@SonictheAnonymousHedgehog No idea, but that doesn't look like a sanskrit script based on the 2 seconds I spent looking at its wikipedia page.
 
@Mithical Ramen's so good :)
 
@terdon Nope, it's most definitely forked directly from Devanagari script (what you call "Sanskrit script"), but lacking a line at the top.
 
@SonictheAnonymousHedgehog No, what I call Sanskrit script is Sanskrit, not Devangari.
Sanskrit (English: ; Sanskrit: संस्कृत, romanized: saṃskṛta, IPA: [ˈsɐ̃skr̩tɐ] (listen)) is a language of ancient India with a 3,500-year history. It is the primary liturgical language of Hinduism and the predominant language of most works of Hindu philosophy as well as some of the principal texts of Buddhism and Jainism. Sanskrit, in its variants and numerous dialects, was the lingua franca of ancient and medieval India. In the early 1st millennium CE, along with Buddhism and Hinduism, Sanskrit migrated to Southeast Asia, parts of East Asia and Central Asia, emerging as a language of high culture...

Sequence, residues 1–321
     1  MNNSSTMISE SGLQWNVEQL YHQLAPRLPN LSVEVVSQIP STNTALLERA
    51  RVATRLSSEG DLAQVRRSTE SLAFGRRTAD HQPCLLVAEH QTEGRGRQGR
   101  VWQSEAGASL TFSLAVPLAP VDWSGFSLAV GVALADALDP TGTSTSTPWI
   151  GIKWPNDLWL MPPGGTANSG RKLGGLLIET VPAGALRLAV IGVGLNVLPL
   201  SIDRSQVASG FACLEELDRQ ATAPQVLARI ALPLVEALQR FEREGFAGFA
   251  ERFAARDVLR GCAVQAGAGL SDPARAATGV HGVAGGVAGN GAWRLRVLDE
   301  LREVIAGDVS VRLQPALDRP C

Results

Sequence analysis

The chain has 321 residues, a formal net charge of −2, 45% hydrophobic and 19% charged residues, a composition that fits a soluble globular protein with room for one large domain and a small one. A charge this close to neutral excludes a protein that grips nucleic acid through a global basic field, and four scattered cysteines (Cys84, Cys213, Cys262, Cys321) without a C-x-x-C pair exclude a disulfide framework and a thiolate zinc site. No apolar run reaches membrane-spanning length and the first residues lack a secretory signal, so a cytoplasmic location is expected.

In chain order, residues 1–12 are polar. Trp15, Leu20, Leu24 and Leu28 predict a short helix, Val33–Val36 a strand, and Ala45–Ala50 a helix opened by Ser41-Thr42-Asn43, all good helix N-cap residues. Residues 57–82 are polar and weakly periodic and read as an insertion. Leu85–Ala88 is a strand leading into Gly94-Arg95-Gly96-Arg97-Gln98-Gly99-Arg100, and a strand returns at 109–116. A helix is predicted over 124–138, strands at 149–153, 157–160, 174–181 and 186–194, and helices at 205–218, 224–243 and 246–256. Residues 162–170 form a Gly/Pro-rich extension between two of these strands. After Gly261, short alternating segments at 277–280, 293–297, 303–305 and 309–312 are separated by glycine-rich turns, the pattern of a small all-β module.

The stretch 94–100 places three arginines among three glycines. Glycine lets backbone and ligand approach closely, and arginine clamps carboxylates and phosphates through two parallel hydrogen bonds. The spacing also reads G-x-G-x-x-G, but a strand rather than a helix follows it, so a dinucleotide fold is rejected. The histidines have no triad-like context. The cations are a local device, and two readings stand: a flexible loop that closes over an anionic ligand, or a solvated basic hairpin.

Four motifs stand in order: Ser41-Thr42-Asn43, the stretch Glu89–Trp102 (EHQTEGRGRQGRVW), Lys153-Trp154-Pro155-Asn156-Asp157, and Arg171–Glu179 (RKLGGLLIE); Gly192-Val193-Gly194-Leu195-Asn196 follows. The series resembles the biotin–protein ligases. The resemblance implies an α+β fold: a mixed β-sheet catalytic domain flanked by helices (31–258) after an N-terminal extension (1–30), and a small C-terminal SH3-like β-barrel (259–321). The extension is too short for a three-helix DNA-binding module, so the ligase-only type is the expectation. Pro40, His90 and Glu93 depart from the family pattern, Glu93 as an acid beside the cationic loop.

I studied ancient Sanskrit as a child (don't ask), that's why I'm a little familiar with it.
 
@terdon That's a language, not a script. In a similar vein, the text you're reading now is Latin script, not "English script".
 
8:08 PM
@SonictheAnonymousHedgehog Hmm, yes. But what would you call the script used for Classical Sanskrit?
 
@terdon I guess you could call it the same. After all, the modified Devanagari script used by Gujarati is called "Gujarati script"
 
"the same"?
 
@terdon as the language
 
So we're back to "Sanskrit script"? :)
 
Rob
8:35 PM
@djsmiley2kTMW You'll need to be more specific, the other 4 votes are for: OT, one site - I have posted/voted nothing about it being off-topic.
 
8:47 PM
Sanskript?
 
@canon Sold!
 
 
1 hour later…
10:21 PM
@terdon it must be a pain to distinguish all those "arc" letters (line 3, columns 2, 3, 5 with 1-based indices)
 
11:18 PM